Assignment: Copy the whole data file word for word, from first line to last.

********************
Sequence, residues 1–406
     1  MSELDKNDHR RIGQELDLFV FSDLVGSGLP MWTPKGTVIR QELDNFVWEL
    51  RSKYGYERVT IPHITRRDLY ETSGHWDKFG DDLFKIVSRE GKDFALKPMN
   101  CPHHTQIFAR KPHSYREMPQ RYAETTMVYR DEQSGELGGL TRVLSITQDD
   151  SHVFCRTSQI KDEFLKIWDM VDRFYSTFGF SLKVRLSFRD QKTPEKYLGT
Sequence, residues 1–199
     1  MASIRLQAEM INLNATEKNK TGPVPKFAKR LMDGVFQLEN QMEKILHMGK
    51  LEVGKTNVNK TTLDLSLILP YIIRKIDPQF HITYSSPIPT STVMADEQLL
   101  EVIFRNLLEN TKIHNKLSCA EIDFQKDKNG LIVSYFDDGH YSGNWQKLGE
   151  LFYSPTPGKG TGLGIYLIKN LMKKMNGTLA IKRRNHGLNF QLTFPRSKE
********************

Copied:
Sequence, residues 1–406
     1  MSELDKNDHR RIGQELDLFV FSDLVGSGLP MWTPKGTVIR QELDNFVWEL
    51  RSKYGYERVT IPHITRRDLY ETSGHWDKFG DDLFKIVSRE GKDFALKPMN
   101  CPHHTQIFAR KPHSYREMPQ RYAETTMVYR DEQSGELGGL TRVLSITQDD
   151  SHVFCRTSQI KDEFLKIWDM VDRFYSTFGF SLKVRLSFRD QKTPEKYLGT
Sequence, residues 1–199
     1  MASIRLQAEM INLNATEKNK TGPVPKFAKR LMDGVFQLEN QMEKILHMGK
    51  LEVGKTNVNK TTLDLSLILP YIIRKIDPQF HITYSSPIPT STVMADEQLL
   101  EVIFRNLLEN TKIHNKLSCA EIDFQKDKNG LIVSYFDDGH YSGNWQKLGE
   151  LFYSPTPGKG TGLGIYLIKN LMKKMNGTLA IKRRNHGLNF QLTFPRSKE